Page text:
The Best and Worst Parts of Peter Thiel’s New Book: Zero to One
In spring of 2012, Peter Thiel, cofounder of Paypal and Palantir and early investor in Facebook, taught a course at Stanford in the Computer Science department called CS183: Startup. One of the students in the class, a law student named Blake Masters, took meticulous notes that were widely shared across the web (1M+ pg views).
The ideas were intriguing, and ran counter to much of the standard startup wisdom. I had read some of the notes when they came out but they’re pretty lengthy and I didn’t get through them all.
Luckily for all of us, the two have collaborated to write a book based on the class called Zero to One, which comes out September 18th.
Having snagged an advance reader’s copy, the book has definitely cut the word length down while retaining the ideas and most of the nuance. Instead of summarizing the book, I thought I’d share my favorite and least favorite idea.
Best Idea: Startups are based around secrets
Thiel has a lot to say about secrets, which he defines as truths that are unpopular or not widely known. Every great startup idea, he argues, is based around a thesis that most people don’t believe is true.
- Twitch: millions of people will tune in to watch other people play video games online
- SpaceX: it is possible for a founding team without significant space or rocket experience to build a company that makes manned space flights better than NASA
- Airbnb: hundreds of thousands of people would be willing host strangers in their homes, and millions of travelers would prefer those homes over a hotel
I think this is a really important point, and one that most casual observers of startups don’t get. If everyone thinks a startup idea is a good one, then it would have happened already, or there’s some non-obvious challenge that prevents it from happening. Only ideas that seem dumb or impossible to most people fall into the realm of ideas that could be potentially correct.
Paul Graham puts this another way: “the best startup ideas seem at first like bad ideas.”
But even beyond the startup idea itself, most of the time founders have a strategy that they can’t reveal because the element of surprise is part of what will make it work. That’s why reporters and the general public are often cofounded by the vague and imprecise plans that founders provide when asked things like “what markets will you expand into?” or “how will you monetize?”.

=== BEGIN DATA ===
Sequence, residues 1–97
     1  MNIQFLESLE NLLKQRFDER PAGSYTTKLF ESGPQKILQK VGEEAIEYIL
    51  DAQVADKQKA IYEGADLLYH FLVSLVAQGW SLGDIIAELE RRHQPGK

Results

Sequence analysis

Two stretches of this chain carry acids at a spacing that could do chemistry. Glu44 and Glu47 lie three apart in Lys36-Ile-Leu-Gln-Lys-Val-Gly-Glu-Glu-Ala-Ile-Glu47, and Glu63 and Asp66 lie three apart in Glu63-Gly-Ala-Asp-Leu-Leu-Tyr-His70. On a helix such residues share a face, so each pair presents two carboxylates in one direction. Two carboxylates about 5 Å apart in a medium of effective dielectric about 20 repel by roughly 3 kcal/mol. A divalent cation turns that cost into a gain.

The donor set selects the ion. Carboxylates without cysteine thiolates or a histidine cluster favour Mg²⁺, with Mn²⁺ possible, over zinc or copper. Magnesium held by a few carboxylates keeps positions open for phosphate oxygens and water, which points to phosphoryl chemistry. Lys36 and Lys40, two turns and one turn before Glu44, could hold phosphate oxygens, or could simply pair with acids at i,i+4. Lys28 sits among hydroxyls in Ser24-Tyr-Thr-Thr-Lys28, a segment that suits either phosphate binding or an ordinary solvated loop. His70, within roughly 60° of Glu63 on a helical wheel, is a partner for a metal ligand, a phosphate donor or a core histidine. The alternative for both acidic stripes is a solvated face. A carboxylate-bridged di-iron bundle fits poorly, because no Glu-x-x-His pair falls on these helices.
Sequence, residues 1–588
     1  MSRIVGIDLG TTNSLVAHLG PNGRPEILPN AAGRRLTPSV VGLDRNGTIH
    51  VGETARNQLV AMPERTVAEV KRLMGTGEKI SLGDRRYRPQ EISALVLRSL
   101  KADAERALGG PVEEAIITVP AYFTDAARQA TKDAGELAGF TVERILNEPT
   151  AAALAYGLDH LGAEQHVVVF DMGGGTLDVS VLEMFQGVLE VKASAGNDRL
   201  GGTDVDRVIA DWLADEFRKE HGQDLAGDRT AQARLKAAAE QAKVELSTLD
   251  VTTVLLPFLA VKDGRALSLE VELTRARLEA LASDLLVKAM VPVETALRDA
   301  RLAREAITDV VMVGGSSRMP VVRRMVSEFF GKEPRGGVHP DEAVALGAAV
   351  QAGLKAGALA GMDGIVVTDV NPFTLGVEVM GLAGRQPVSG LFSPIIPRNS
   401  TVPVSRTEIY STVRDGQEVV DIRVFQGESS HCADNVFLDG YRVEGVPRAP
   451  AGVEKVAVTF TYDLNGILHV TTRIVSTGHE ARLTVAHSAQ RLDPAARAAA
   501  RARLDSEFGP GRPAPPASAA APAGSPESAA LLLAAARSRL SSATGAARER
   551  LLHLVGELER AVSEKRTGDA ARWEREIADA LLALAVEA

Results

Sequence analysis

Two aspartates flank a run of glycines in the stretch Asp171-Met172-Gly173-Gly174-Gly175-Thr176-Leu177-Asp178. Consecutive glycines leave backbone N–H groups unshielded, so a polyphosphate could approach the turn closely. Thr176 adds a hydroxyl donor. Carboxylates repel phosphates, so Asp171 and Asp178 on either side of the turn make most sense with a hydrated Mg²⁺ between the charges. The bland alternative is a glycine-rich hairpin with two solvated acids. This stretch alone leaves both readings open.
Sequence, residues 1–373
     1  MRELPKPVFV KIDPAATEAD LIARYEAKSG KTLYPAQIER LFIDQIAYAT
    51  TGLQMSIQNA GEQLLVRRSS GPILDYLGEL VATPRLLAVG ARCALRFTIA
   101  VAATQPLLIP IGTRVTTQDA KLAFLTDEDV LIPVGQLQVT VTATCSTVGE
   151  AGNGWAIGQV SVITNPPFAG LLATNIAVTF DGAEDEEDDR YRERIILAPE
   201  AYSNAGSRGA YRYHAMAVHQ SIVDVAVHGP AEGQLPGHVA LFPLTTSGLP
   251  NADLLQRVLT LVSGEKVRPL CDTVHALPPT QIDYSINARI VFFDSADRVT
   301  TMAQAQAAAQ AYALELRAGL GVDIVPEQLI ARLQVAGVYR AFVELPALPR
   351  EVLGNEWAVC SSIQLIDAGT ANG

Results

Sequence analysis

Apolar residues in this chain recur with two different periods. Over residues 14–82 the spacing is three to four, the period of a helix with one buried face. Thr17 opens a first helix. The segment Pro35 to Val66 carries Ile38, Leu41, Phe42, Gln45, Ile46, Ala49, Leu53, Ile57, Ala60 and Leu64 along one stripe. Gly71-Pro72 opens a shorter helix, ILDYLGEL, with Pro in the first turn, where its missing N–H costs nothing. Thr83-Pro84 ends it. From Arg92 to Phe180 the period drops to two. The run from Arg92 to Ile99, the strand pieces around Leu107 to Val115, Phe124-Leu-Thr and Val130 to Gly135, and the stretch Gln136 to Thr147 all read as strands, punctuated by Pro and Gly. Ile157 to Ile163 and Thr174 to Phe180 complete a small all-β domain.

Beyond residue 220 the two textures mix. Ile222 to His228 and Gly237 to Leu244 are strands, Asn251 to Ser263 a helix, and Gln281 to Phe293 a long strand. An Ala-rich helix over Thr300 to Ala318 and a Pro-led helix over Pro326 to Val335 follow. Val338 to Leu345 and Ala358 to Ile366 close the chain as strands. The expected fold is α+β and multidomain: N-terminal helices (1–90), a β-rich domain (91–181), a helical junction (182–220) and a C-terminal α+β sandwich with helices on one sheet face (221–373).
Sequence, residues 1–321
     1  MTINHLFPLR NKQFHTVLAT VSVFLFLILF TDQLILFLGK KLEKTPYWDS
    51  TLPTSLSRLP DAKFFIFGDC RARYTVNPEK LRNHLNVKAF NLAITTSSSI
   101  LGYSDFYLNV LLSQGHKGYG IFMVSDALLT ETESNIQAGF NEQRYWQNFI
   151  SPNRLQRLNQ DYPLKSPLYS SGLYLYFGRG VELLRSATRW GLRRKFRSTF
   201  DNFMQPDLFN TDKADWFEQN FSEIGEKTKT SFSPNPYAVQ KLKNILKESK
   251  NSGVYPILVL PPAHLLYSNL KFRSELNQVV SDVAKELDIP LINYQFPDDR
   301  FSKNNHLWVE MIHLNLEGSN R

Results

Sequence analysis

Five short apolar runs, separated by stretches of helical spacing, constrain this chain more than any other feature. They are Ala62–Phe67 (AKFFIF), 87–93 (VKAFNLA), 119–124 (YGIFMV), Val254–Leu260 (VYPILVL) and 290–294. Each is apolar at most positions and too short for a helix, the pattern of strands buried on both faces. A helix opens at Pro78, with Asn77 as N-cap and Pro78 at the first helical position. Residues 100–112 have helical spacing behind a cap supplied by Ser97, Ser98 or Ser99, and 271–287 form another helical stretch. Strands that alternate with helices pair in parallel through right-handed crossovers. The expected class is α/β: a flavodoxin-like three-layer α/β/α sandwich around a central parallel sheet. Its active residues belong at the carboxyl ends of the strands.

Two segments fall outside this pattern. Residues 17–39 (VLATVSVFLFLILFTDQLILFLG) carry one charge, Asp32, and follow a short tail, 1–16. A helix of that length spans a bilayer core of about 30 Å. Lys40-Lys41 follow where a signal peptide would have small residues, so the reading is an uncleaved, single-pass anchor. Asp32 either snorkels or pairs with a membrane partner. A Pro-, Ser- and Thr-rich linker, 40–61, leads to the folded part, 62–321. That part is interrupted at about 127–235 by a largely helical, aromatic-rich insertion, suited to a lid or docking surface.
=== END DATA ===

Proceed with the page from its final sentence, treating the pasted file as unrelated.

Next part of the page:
Anyway, it’s an important idea and you can read the full lecture on Secrets here.
Worst: Every great startup has to have a grand plan upfront
Thiel believes that the United States has moved from a mindset of determinate optimism (the future will be good and we know what it will hold – space travel, flying cars, robotic assistants) to a mindset of indeterminate optimism (the future will be good but we don’t know exactly how it will play out). Thiel thinks this is a problem because without a grand vision, you only make little bets, and little bets don’t change the world. He argues that one of the big problems with Dot-Com bubble is that Silicon Valley stopped making grand plans and adopted the “lean startup” method of lots of testing and iterating. In the original notes, he says this:
“Airbnb, Pinterest, Dropbox, and Path all have a very anti-statistical feel. There’s a sense in which there’s some telepathic link between these products and what people want. “
While he’s got a point that entrepreneurs must have a thesis about their product and where the market is going, but I think he overemphasizes this grand plan thing. Sure, you can’t A/B test your way to a vision, but even Airbnb definitely has had multiple re-envisionings of its own product. Before they got into Y Combinator, they literally just wanted to put air beds in people’s houses. It was only after the Sequoia funding, as they realized how big the home rental market was, that they got a bigger, grander plan. And of course Path’s apparent lock on their users preferences appears to have faded since 2012.
Ultimately, the world is more complex now than it has ever been, and even experts making the most basic of predictions can’t beat a “steady state” algorithm. Entrepreneurs need to have a vision, and we’re often told the best way to predict the future is to create it, but it’s also the case that no battle plan survives contact with the enemy. Let’s let founders make awesome things, and not ask them to be fortune-tellers.
Final Recommendation: Get the Book
There are plenty of other thought-provoking ideas that I haven’t touched on here:
- the best startups avoid competitive industries or otherwise become so good that they become defacto monopolies
- distribution for startups matter, and most channels follow a power curve
- we need founders who are a little extreme because that’s what it takes to build a successful company
Thiel is a really smart guy and incredibly successful as an entrepreneur and investor, so even my gripes about the book aren’t particularly frustrating. It’s well-written and definitely worth reading if you work in tech or have any interest in entrepreneurship.
Footnotes Of course it might also be because they have no fucking clue, but that’s also understandable and reasonable, since no one has ever done what they’re trying to do, how could anyone truly be sure their plan was the right one anyway?